|Intelligent Systems And Their Societies||Walter Fritz|
This is based on statistics for the Greater Buenos Aires Area, 1990, but is equally valid for many countries of the world. All persons receiving an income are divided into 10 columns, the first being that 10% of all persons receiving the lowest income and the last the 10% of those with the highest income. This spreadsheet is for a value added tax (VAT) of 20%.
|income as % of total (1)||2.0||3.5||4.5||5.0||6.0||7.5||9.5||12||16||34||100%|
|purchasing power reduced by VAT (2)||1.6||2.8||3.6||4.0||4.8||6.0||7.6||9.6||12.8||27.2||80%|
|social dividend (3)||2.0||2.0||2.0||2.0||2.0||2.0||2.0||2.0||2.0||2.0||20%|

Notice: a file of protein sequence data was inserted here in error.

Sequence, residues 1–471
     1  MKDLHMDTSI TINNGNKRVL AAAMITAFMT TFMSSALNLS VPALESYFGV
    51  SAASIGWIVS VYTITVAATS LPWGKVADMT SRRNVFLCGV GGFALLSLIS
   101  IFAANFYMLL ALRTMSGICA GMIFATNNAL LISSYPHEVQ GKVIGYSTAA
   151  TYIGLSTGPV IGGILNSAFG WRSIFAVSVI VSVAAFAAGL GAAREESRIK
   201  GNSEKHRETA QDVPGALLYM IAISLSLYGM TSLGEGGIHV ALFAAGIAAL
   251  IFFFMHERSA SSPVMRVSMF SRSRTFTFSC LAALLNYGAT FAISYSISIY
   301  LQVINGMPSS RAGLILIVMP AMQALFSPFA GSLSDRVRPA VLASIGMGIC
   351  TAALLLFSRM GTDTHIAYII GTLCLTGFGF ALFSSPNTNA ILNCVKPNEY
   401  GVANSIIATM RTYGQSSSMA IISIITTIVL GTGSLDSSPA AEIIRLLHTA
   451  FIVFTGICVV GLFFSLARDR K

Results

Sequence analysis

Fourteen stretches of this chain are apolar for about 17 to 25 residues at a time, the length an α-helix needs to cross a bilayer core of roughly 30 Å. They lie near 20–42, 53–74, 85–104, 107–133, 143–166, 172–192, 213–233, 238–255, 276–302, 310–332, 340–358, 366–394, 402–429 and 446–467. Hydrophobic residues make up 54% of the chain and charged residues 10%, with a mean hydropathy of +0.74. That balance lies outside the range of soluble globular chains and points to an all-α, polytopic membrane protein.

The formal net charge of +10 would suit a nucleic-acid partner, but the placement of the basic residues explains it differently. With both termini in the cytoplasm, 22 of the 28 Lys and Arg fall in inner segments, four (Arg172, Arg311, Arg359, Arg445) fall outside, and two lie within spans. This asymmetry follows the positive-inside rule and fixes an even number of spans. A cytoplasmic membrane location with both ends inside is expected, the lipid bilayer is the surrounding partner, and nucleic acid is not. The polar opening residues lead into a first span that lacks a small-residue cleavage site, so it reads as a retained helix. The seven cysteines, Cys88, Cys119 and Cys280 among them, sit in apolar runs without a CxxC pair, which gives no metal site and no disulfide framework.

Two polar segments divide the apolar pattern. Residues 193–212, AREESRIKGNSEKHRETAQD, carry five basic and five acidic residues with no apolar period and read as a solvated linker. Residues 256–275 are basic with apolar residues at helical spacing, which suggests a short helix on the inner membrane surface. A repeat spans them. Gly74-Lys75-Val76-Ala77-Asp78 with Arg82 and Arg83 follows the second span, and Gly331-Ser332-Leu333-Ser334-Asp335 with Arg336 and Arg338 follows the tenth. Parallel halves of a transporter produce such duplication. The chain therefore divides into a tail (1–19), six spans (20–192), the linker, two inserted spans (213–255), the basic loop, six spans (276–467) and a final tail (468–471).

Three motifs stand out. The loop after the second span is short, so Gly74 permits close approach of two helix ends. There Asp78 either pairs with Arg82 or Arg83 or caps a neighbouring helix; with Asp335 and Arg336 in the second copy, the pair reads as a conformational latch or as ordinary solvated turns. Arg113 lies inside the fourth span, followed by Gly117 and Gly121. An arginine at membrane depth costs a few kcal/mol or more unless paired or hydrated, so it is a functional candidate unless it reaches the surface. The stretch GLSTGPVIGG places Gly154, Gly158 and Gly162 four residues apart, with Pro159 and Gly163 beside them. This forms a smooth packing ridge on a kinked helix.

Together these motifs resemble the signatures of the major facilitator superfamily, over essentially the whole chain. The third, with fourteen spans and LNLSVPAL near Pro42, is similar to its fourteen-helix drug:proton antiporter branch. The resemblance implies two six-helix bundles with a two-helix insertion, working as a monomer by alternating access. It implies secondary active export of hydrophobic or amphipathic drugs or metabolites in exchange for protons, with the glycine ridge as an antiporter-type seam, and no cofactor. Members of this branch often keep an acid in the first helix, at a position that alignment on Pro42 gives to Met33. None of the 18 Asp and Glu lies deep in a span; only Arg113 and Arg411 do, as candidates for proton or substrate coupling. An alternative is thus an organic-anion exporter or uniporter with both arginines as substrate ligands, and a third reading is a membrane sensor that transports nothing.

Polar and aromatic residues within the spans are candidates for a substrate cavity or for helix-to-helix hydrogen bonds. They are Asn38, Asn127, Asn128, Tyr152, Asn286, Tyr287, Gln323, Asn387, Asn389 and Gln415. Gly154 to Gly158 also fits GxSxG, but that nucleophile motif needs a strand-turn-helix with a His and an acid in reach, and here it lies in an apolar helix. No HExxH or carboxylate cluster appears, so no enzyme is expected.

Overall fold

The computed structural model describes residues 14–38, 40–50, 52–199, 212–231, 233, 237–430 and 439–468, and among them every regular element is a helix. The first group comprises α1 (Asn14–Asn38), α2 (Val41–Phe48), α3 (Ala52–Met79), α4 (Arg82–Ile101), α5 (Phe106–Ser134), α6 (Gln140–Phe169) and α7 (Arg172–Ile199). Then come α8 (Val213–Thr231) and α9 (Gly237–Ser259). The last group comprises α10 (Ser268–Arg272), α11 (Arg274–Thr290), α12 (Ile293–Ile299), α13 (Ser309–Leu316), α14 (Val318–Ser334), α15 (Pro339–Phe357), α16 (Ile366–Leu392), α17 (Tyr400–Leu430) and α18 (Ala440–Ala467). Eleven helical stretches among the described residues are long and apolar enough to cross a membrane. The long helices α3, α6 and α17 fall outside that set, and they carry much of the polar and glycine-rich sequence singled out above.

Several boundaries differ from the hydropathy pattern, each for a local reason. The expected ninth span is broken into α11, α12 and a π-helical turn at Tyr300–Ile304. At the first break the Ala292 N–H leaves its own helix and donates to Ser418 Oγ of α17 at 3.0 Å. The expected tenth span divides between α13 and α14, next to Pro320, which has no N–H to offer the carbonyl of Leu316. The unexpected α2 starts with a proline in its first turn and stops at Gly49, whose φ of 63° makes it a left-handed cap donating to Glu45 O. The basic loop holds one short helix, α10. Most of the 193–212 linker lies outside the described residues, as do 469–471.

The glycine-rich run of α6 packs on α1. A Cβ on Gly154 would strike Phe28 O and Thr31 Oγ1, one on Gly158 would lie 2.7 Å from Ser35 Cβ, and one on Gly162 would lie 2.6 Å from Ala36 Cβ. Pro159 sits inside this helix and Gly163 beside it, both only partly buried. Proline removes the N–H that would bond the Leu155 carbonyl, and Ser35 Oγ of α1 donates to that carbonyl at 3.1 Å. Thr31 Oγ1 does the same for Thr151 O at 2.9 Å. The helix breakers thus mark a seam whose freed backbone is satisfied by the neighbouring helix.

|New purchasing power (4)||3.6||4.8||5.6||6.0||6.8||8.0||9.6||11.6||14.8||29.2||100%|
|more purchasing power then before (5)||+||+||+||+||+||+||+||-||-||-|
(1) This shows the income of the persons in each column expressed as a percentage of the total income of all.
(2) Income equals purchasing power (purchasing power for consumption and investments). Here we show the remaining purchasing power, once the 20% VAT is deduced.
(3) The VAT that the government collects is distributed equally to all citizens as social dividend. We show the sum of this dividend perceived by the family (and other persons) supported by the person with income.
(4) Adding this to the previous purchasing power, gives the new purchasing power.
(5) A plus is shown in those columns that now have a higher purchasing power than before.
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